This study will examine the efficacy and mechanistic basis of fractional ablative carbon dioxide laser therapy in treating hypertrophic scarring.
Photo-thermal therapy (laser therapy) is one of the newer treatments developed to reduce established hypertrophic scars. Despite its broad usage its efficacy has not been definitively established due to suboptimal randomised control trial (RCT) design, varying patient selection, including the use of different laser types and a wide variety of outcome measures. In addition exactly how laser works to reduce scars is poorly understood, further limiting optimisation and patient stratification.
The study plans to observe a group of patients with mature burn scars (over 1 year old) and see what happens to their scars as the result of laser therapy. This study will allow us to define what outcomes are important, to test out scar assessment tools and explore what we think is happening at the skin cell level as a result of the laser treatment. In addition we may find biological changes after laser treatment which could help us understand how scars heal and potentially offer new treatments.
This study will be the first step towards conducting a randomised clinical trial (RCT) in many sites across the UK.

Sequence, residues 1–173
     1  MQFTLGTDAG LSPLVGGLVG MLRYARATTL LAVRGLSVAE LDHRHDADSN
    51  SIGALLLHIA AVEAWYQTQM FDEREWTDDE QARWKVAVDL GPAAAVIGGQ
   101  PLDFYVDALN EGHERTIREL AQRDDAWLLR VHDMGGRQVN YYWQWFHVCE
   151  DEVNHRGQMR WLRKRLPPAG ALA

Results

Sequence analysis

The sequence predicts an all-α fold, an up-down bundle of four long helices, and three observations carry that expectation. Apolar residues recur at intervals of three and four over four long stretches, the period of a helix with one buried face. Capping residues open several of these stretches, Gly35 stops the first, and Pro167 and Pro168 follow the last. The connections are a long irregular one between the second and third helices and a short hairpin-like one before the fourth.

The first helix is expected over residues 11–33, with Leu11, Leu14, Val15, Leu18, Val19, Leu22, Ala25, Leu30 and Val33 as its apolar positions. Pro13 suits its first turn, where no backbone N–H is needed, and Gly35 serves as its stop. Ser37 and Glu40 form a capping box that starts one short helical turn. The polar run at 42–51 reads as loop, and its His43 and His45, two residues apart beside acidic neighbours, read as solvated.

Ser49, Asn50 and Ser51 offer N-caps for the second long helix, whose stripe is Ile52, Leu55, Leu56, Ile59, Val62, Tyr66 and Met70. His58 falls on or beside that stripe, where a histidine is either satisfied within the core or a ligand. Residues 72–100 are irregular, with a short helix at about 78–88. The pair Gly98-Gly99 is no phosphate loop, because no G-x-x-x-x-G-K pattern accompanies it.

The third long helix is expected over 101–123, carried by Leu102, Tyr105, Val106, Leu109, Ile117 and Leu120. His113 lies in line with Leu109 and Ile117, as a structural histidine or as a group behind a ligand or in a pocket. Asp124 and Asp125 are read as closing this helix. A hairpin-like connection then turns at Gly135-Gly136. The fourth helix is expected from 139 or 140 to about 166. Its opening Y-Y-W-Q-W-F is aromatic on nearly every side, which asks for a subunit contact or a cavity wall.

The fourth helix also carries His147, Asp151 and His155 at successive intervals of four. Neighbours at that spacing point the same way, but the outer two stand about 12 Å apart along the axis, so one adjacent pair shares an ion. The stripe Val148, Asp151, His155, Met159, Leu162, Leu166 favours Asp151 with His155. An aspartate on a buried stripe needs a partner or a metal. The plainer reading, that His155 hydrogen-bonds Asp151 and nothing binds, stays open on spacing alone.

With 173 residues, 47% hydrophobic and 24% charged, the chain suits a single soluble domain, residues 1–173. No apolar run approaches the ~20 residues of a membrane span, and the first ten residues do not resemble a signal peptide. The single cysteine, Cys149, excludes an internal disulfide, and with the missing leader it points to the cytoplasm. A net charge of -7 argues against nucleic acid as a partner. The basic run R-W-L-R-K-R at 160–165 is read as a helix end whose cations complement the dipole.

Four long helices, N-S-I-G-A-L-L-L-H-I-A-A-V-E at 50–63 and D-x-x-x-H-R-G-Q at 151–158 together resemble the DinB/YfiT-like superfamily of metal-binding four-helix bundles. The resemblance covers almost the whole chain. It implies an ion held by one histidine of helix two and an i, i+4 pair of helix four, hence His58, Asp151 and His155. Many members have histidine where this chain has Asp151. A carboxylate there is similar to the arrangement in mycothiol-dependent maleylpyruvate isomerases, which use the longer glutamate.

This study based at Birmingham and Swansea aims to develop a robust protocol to assess efficacy of laser, considering feasibility of recruitment, retention in the study and suitable outcome measures using a fractionated laser therapy. The study will run over 2 years and aims to recruit 60 patients with established hypertrophic scars, from both military and civilian patients and will apply laser therapy to half of a scarred tissue area and leave the other half untreated. Patients will therefore act as their own controls. Assessment of scarring will be carried out blinded, using a range of patient derived and clinician derived outcome measures by 3 independent assessors. In this way we will be able to move forward to a larger RCT of sufficient size and scope to look at laser therapy efficacy, patient factors influencing outcomes such as gender, skin type and age, with sufficient data to develop a robust protocol and gain funding from a source such as NIHR.
Recruitment began in Birmingham in 2021.
Additionally the study will take biopsy samples across the treatment period to determine the cellular and molecular features of the response to laser therapy and associate these with the degree of scar reduction. These data will identify the tissue based mechanisms driving a good response to laser therapy and may help to identify further modifications or adjunct therapies to improve treatment efficacy.